It wasn't until my third year of university that I had even a vague inkling that there were other ways to tell a computer what to do: I took a course in Lisp and Prolog. I must admit that I didn't really get it, at the time. I studied hard for the exam, and did fine in the course, but I figured it was just sophistry. After all, if it was any good, why were so few people using it?
But, that course on functional programming had some subtle side effects. Afterward, having gone back to working in Java or C++, I frequently found myself staring at an ugly mess of for loops and iterator objects, and thinking, "this would be much better if I could just use a little lambda function and call mapcar." The seed of discontent had been planted, and it was beginning to germinate: I finally started to complain about the programming paradigm that I'd grown up with.
I have not yet decided whether the grass is indeed greener in the functional programming pasture, but I am starting to learn more about it. And, from what I've read, it seems that there are lots of other people at this point, as well. So, here are some interim observations.
I think much of the revived interest in functional languages is due to the better-than-average mainstream penetration of Ruby (in particular, Ruby on Rails). I like Ruby. It provides a pleasing mixture of functional and imperative styles, and it has a familiar syntax and type system. The main reason I haven't used a lot of Ruby for my code at work is its lackluster run-time performance: simulators are programs of the "the faster, the better" variety (provided they are correct, of course). I also wasn't very happy with the available development tools: having smart identifier completion and in-line documentation (e.g. Eclipse) improves my design-time performance dramatically, but it's hard to do it well for dynamically typed languages. I ended up writing my Ruby in VIM, a general text editor that's older than I am. But, both of these stand to improve in the near future.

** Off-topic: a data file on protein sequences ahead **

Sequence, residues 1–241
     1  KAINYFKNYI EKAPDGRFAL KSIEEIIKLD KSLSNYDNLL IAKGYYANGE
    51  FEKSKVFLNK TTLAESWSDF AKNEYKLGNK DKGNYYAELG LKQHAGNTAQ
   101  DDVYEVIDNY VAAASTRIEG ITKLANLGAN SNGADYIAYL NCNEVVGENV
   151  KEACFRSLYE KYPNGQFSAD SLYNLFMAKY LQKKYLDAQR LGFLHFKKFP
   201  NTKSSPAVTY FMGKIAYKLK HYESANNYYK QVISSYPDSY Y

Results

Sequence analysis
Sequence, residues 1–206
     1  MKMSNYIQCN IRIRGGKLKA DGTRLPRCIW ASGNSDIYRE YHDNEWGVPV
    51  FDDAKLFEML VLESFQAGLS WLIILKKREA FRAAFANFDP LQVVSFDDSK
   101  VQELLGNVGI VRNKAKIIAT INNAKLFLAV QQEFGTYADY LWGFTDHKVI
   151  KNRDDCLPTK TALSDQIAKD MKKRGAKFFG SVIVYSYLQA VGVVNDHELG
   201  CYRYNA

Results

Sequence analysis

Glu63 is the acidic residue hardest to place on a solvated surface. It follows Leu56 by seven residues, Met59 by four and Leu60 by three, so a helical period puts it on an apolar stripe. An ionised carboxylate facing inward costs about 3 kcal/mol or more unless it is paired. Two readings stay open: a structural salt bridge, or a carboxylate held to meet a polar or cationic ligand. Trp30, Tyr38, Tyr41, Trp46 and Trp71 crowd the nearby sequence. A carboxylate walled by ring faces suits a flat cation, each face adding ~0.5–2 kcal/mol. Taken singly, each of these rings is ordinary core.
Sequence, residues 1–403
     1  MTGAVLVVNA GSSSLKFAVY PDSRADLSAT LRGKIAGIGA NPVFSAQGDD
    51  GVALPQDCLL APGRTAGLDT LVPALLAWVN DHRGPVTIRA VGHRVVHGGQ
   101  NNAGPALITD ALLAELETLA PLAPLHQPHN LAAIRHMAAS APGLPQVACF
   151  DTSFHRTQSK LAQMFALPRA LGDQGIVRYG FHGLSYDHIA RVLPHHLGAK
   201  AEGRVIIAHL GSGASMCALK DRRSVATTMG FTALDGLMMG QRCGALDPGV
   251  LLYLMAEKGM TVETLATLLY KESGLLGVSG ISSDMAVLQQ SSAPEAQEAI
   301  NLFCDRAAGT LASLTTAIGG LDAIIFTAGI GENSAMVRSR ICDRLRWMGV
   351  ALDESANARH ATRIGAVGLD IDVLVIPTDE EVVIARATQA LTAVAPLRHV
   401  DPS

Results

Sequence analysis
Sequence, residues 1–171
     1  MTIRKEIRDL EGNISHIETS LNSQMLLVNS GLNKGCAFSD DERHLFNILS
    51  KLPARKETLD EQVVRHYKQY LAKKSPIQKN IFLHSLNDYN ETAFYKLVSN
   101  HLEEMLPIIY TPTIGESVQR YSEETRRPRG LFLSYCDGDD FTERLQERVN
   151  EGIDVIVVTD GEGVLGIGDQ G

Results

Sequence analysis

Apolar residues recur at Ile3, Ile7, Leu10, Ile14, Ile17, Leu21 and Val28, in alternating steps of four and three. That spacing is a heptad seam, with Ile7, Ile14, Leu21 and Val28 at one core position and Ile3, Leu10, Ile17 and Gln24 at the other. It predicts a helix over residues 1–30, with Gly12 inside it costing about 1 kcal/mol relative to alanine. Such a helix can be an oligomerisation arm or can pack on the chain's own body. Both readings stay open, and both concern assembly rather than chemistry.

Having read several of Paul Graham's essays, and done some reading on Wikipedia, I decided that Lisp was definitely on the list of things to learn. I've been working through Peter Seibel's Pratical Common Lisp. I have been quite pleased with it, so far.
I'm also experimenting with Haskell, but I'm in the very early stages.
I'll close with what I think is a very insightful comment from a tutorial by Eric Etheridge, "Haskell for C Programmers:"
If you play around with Haskell, do not merely write toy programs. Simple problems will not take advantage of Haskell's power. Its power shines mostly clearly when you use it to attack difficult tasks. Once Haskell's syntax is familiar to you, write programs that you would ordinarily think of as too complicated. For instance, implement graph-spanning algorithms and balanced-tree data types. At first, you'll probably trudge ahead using 'imperative thought processes'. As you work, you'll hopefully see that Haskell's tools let you dramatically simplify your code.I think this is a general truth for learning about any programming language that is new to you. Unless you try to do something hard, you'll always think, "So what, I could write that in Blub, just as easily." Most of the canonical functional programming examples found in tutorials and textbooks, like computing Fibonacci sequences and factorials, undersell their language for precisely this reason. (Incidentally, I don't really recommend the rest of the tutorial.)
So, what's my hard something? It's still a bit of a secret...